As can be seen in the below chart, the trade played out nicely, with a direct setback which reached our expected targets in the first week of December.


The 337 level, evidenced by our long-term study, did trigger a short-term reversal, just as expected.

You may also note that the push went past our second target by a slight margin — this is quite common —, but that the excess immediately called for short-lived bounce. This indeed shows that the zone remains a disputed level in the confrontation between buyers and sellers.

All in all, we have here a textbook case of accurate advice, and are most pleased with the way things turned out.


Does this mean that somehow, we could foresee the fortunes of Hungary’s economy in the chart? Even before the unemployment figures were released? No: what we could detect was an impending sentiment shift among currency operators.

Remember that we are dealing with a short-term study, whereas fundamental mechanisms work on the long term. The setback we anticipated was a 0.017% change, hardly significant for the Hungarian economy. Yet it did express an inflection in traders’ sentiment.

Markets are all about pricing; pricing means the collective assessment of some situation on the basis of available information. Obviously, there are keener or better-informed assessments than others (we can suppose the unemployment data were hardly a surprise for Hungary-based operators). The market arbitrates between everyone’s efforts to figure out an accurate EUR/HUF rate: the quotations see-saw as everyone revises their own assessment.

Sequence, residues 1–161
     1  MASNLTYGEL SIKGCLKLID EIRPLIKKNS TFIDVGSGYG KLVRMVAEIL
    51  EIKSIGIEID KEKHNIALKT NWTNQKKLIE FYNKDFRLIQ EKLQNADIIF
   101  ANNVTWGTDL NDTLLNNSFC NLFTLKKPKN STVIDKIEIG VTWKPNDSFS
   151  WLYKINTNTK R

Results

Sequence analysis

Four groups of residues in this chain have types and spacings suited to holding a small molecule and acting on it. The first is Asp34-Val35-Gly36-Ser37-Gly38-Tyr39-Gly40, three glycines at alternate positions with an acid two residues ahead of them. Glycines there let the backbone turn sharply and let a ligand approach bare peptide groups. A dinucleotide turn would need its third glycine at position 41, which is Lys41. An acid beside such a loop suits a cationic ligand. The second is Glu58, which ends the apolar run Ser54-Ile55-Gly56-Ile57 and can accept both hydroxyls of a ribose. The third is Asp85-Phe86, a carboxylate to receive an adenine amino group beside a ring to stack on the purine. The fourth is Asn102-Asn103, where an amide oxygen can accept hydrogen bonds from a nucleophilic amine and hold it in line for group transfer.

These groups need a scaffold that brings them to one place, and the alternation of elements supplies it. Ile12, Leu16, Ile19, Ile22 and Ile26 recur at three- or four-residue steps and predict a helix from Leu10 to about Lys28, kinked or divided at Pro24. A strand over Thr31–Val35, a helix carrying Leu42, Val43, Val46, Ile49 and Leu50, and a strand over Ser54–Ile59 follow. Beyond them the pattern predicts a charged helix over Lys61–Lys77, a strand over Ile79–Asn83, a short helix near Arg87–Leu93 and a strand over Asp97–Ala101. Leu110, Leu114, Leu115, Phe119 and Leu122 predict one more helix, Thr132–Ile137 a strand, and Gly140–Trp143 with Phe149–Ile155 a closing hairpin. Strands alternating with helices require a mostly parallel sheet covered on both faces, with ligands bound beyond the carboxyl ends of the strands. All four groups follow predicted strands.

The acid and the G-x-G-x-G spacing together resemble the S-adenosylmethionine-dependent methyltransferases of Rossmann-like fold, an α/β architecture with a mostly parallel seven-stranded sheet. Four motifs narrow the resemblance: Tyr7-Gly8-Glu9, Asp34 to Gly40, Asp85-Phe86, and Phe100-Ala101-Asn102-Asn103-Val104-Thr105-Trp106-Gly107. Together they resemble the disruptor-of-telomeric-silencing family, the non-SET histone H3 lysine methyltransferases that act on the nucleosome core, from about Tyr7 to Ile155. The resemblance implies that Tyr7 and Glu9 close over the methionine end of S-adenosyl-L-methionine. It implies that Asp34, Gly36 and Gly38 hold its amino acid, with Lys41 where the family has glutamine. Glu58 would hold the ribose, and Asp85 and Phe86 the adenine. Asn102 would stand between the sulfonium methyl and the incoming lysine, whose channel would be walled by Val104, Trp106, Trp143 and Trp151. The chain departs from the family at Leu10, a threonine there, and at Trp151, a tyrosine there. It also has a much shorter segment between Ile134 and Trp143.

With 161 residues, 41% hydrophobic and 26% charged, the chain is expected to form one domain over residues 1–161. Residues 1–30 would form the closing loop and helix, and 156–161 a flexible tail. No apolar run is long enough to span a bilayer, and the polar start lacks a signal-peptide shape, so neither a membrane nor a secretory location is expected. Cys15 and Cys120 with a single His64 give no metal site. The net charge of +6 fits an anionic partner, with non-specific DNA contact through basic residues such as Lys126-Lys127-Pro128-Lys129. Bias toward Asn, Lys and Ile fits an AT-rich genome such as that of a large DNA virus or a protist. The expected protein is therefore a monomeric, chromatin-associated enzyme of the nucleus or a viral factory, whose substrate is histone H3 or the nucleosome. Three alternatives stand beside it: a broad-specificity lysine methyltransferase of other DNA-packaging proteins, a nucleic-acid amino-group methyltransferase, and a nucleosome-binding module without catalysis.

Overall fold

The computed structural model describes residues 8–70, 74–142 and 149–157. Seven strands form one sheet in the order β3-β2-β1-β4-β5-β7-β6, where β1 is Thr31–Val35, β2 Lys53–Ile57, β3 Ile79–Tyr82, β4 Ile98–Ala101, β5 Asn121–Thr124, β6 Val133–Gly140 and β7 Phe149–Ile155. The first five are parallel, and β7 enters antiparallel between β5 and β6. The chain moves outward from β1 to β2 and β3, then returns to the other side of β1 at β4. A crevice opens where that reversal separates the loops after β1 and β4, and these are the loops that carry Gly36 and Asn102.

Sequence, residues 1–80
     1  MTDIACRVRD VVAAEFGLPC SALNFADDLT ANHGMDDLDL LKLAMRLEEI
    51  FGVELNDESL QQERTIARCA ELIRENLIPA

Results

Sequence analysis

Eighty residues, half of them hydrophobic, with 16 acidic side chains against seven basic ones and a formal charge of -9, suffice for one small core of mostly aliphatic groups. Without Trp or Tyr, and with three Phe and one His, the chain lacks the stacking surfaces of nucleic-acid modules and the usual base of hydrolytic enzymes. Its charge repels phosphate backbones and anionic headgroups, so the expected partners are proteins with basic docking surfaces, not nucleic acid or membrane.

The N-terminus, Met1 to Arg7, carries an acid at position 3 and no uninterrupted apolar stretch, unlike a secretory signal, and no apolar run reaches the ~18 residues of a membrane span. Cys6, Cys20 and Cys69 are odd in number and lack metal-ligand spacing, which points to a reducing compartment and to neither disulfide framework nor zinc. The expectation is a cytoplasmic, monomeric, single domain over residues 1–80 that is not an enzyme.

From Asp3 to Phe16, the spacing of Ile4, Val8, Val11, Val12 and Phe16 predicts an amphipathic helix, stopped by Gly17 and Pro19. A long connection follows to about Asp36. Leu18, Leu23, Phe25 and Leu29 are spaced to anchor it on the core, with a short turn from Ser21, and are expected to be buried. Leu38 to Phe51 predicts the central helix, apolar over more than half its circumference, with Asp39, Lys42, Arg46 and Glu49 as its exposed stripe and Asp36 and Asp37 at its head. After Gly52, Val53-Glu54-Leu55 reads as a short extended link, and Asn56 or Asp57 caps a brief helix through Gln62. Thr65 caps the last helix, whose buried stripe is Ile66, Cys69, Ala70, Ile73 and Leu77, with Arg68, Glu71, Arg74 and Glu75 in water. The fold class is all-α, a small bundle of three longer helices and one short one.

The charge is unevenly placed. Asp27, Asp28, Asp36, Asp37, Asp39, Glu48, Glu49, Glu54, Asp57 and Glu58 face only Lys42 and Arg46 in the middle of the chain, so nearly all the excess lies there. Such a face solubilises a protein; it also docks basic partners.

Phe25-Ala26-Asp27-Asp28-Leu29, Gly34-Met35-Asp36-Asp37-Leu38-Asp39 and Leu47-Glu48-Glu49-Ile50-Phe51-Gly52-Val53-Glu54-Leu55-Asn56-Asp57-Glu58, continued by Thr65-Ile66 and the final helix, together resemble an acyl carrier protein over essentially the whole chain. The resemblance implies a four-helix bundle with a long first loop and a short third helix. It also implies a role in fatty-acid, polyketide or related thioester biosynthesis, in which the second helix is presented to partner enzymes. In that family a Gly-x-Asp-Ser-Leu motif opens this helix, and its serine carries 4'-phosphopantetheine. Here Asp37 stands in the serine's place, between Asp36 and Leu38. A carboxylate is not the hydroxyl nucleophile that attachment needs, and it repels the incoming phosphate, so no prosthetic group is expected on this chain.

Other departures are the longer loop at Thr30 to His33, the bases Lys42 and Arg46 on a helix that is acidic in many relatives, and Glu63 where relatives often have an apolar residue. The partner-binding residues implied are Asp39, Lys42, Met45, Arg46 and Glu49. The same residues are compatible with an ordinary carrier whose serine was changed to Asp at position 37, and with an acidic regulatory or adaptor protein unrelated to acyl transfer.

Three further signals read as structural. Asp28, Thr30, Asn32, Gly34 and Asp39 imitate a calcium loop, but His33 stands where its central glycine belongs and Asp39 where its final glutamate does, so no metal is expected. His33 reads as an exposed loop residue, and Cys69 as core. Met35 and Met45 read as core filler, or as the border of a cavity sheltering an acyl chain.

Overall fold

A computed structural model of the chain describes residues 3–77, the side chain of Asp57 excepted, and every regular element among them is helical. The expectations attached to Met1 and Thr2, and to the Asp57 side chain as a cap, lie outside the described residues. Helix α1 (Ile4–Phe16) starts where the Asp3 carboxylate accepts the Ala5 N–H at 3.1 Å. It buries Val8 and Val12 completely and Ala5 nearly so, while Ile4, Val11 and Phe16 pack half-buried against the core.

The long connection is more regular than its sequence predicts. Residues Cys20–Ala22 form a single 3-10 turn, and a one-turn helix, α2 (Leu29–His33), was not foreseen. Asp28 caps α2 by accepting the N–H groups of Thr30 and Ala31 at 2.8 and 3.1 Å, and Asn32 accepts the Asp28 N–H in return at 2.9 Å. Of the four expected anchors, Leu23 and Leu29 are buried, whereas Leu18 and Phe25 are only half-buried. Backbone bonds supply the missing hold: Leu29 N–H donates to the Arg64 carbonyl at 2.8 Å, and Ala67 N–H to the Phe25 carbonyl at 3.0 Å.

The setback we played is the expression of such a minor revision, triggered by the not-so-bad unemployment figures released to everyone. That was enough to turn an already fleeting sentiment, and establish a short-term bearish consensus. The exhaustion signals we registered did not really predict incoming good news for Hungary. They simply reflected the fact that less and less traders believed in the continuation of a bullish run.

Markets are constantly striving for accuracy; yet they work on excesses and corrections in their pursuit of fundamental realities, just like a needle indicator oscillates around some registered level. And that mechanism is of peculiar interest to us, as it relies upon internal factors—the group dynamics of buyers/sellers confrontation. In other terms, though reality always dictates the general picture, more often than not, the action-reaction pattern guides the details.

That’s when market action becomes partly predictable: our job is to detect such episodes, and convert them into value plays.


BBSP Research.